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Matthew Herzog

Picture of Matthew Herzog and his dog

What is your area of study?

Gender & Ancient Religion: Divination, Magic, Demons

What is your hometown?

Holiday, Florida

Why did you choose to study Classics?

I choose to study Classics because I have always been interested in religion, specifically religions that have been "lost." When I say "lost" I mean ones that aren't practiced anymore, or by very few people, but have made great impacts on how religious expression is today. Religion affects the very foundations of everyday life and I think that by looking at ancient religion, we can see some of the key ways people used to live, informing us about how we live now.

What do you like most about the Department of Classics?

The Department of Classics at OSU gives so many opportunities for engagement in and out of the department, including lectures and summer programs. Everyone that I've met and worked with has been very kind and willing to help out however they can.

What are your plans after completing your PhD program?

After the PhD program, I plan on staying in academia and finding a job at a university or college where I can start teaching courses.

What advice would you give to students considering pursuing graduate coursework in Classics?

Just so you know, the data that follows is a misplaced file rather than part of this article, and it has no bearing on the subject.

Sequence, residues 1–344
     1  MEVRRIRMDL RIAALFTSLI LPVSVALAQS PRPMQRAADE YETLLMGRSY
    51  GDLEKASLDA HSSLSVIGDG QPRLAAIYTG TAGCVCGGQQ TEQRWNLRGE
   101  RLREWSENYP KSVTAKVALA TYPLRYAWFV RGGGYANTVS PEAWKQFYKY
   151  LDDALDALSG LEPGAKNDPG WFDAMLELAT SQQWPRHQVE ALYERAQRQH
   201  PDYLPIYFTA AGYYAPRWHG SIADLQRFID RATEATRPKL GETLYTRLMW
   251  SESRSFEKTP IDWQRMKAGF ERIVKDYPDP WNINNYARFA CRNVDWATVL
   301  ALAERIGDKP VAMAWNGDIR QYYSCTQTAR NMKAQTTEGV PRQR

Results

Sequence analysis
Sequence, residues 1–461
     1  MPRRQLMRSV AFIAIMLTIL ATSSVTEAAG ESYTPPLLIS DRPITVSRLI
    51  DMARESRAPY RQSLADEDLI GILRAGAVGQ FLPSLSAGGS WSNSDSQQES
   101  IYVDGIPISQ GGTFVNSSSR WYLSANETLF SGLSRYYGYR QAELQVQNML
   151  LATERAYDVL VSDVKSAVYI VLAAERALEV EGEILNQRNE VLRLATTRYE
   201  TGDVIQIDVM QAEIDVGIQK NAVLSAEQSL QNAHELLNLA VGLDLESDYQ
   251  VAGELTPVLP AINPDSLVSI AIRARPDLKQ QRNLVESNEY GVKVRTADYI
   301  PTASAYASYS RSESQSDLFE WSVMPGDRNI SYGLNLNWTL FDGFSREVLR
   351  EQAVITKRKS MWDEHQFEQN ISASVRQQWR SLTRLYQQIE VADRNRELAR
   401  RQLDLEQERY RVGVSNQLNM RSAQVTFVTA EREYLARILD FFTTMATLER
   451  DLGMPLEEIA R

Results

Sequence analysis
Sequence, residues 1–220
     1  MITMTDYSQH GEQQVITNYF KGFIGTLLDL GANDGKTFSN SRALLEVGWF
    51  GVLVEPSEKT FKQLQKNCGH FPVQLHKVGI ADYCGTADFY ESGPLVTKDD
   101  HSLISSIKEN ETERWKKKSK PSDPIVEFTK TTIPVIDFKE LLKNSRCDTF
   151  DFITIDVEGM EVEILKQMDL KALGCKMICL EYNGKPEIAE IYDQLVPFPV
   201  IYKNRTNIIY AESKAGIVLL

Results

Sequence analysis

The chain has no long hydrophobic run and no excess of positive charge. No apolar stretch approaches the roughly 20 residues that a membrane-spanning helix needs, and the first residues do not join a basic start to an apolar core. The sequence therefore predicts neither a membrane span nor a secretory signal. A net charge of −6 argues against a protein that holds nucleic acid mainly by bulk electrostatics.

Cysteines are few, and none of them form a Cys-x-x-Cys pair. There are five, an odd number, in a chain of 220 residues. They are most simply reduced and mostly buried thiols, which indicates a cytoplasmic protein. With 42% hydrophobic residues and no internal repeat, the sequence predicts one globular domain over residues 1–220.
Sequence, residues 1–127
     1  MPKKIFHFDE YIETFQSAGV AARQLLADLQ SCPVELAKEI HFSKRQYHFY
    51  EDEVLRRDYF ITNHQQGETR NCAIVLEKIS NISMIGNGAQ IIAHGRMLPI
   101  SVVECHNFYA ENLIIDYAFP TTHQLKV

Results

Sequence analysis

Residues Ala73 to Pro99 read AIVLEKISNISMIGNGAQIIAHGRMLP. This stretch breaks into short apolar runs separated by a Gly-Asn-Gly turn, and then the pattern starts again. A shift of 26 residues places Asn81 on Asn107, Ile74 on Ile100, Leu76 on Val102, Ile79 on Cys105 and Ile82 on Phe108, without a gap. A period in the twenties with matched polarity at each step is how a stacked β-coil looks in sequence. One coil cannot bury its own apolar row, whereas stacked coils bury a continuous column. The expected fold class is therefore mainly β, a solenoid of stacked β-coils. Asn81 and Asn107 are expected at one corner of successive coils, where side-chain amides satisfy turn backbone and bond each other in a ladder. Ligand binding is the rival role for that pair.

I would say don't worry too much about how much language preparation you have under your belt because no one enters a Classics program fully equipped to sight-read everything and anything. This takes a lot of time and practice, but once you've done some language courses, found ways to study that work best for you, and built relationships with your cohort, you can all tackle one of the most challenging parts of the graduate coursework successfully. I would also say find ways to incorporate your special interests in every class you take, but also don't be afraid to touch on a new but related subject as well. This can open new doors to research topics that might give you a great opportunity to explore novel ideas and maybe even lead to your dissertation topic.

I would say as another piece of advice for new students to go out and explore what other departments are doing, even if you might think that they could be uninteresting or totally out of your field. It's always good to expand your horizons and meet as many people as possible, within reason of course. Those connections could last your lifetime and be essential to work that you do a couple years from now, or ten.